Monday, March 29, 2010

Hell Week to Holy Week

So the play is over! It was amazing, but I'm glad it's done. I can finally sleep! This year however, I have the interesting experience of going straight from Hell Week to Holy Week. In all honesty, there isn't much difference between the two. Hell Week means no sleep, no real food, and no homework done. It is the longest week of the year for the entire cast and crew, but it is so much fun at the end. Holy Week is the same thing, except instead of putting on a show at the end, there is Easter! Well, I'm going back to sleep. Talk to you later!

Saturday, March 20, 2010

Enough Already

So here's the story: We had a tech director (hired 2 months late) who resigned. So we hired a new one (who should have been hired in the first place) and now have less than 6 days before our first show. So I hope you will all be understanding with me when I say; I won't be able to write much of anything for the next week. So here's another picture, try to figure out what it is!

Thursday, March 11, 2010

So Anyway...

So anyway...I have been doing a lot for school recently, and haven't had time to do much writing. So I'm just going to throw out a few snippets:

She was once beautiful, she was once wonderful. She did not know how. She did not know why. But she was. And she used this. She was able to be who she aspired to be: she became herself. She became free.

The levels of hierarchy were very strict within the ecclesiastical system, with no person ever being in doubt about their relationship to everyone else within the system. This was a very effective means of maintaining control within a structure. In the power vacuum after the fall of the Roman Empire, the Church was the only centralized form of government left in Europe. In many areas the local bishop was the final word when it came to all issues, spiritual and temporal.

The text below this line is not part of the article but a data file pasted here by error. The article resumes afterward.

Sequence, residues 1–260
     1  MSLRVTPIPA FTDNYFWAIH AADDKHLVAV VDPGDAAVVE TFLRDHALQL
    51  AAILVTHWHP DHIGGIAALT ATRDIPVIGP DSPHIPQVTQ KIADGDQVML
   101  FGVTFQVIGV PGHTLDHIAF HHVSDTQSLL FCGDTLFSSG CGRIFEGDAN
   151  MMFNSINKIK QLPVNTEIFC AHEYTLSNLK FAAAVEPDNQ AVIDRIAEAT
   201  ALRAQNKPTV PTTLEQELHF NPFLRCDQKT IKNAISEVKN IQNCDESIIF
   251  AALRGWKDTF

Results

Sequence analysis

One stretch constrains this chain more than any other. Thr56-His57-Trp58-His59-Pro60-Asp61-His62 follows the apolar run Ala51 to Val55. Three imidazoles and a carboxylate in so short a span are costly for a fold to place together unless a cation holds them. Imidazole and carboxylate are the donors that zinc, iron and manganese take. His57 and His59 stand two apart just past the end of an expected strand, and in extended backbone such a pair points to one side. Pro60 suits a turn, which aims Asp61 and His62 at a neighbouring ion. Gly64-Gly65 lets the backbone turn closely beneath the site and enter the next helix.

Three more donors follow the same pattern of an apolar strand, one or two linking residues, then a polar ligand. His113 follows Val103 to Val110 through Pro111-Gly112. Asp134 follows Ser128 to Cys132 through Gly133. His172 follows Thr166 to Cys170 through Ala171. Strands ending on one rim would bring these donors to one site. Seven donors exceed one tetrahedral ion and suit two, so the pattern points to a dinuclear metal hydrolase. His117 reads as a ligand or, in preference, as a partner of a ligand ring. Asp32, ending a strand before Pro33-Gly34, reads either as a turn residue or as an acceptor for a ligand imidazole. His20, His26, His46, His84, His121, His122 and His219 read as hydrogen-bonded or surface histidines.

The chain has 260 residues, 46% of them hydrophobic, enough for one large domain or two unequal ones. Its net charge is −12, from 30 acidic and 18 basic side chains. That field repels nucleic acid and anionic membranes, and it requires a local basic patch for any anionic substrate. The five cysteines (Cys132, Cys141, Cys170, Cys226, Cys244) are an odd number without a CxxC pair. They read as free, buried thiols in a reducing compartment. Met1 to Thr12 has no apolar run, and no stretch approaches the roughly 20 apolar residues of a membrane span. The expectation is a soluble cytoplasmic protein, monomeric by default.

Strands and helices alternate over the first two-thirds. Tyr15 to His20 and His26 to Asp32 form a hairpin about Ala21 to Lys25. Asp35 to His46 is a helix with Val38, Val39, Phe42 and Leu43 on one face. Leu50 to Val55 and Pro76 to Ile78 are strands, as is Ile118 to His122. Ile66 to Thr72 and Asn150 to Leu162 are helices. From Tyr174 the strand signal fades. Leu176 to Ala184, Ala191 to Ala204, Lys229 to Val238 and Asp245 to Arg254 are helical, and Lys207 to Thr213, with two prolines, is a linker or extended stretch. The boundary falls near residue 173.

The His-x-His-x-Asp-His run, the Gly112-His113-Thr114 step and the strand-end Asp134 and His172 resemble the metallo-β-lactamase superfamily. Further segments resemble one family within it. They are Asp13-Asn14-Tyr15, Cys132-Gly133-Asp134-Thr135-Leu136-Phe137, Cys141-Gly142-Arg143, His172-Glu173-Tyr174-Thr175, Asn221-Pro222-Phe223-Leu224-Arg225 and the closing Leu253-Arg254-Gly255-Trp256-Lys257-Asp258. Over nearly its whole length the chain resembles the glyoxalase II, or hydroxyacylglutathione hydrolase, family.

I knelt before the altar, head bowed, mind closed to the world. I waited all night, preparing myself for the final trial, the moment. As the sun began to spill through the stained glass, I rose and took my place beside the altar. There I sat until he came in. He too knelt before the Lord, He too bowed His head, and he too closed His mind to the world. He then rose, His robes billowing around his boots. He strides towards me, eyes blazing fire, and places His sword in His attendants outstretched hands. He looks down upon me, towering above me. He knows...

The picture is one of mine, of the coast of Greece.

Wednesday, March 3, 2010

This Day Shall Gentle His Condition

Remember when you had to memorize something in high school? Well I do. Recently I joined the speech competition, and so now I have the St. Crispin's Day Speech running through my head at all hours of the day. It has been driving my mom crazy. When you spend so much time with a text, you tend to gain a deeper understanding of it. Everyone has heard of the famous line We few, we happy few, we band of brothers. But of all the lines of the speech, I find This day shall gentle his condition to be much more powerful. For it addresses one of the big ideas of Lent, as well as life in general. The things we as humans do, our experiences, have a profound impact on our lives. They change us in ways we can't even see. Some of them, like a battle or a marriage, are things we can easily identify as life-changing. But other things, such as meeting someone or even reading a book, are harder to see and so we must watch for them more carefully.

This day is called the feast of Crispian:
He that outlives this day, and comes safe home,
Will stand a tip-toe when the day is named,
And rouse him at the name of Crispian.
He that shall live this day, and see old age,
Will yearly on the vigil feast his neighbours,
And say "To-morrow is Saint Crispian":
Then will he strip his sleeve and show his scars.
And say "These wounds I had on Crispin's day."
Old men forget: yet all shall be forgot,
But he'll remember with advantages
What feats he did that day: then shall our names,
Familiar in his mouth as household words
Harry the king, Bedford and Exeter,
Warwick and Talbot, Salisbury and Gloucester,
Be in their flowing cups freshly remember'd.
This story shall the good man teach his son;
And Crispin Crispian shall ne'er go by,
From this day to the ending of the world,
But we in it shall be remember'd;
We few, we happy few, we band of brothers;
For he to-day that sheds his blood with me
Shall be my brother; be he ne'er so vile,
This day shall gentle his condition:
And gentlemen in England now a-bed
Shall think themselves accursed they were not here,
And hold their manhoods cheap whiles any speaks
That fought with us upon Saint Crispin's day.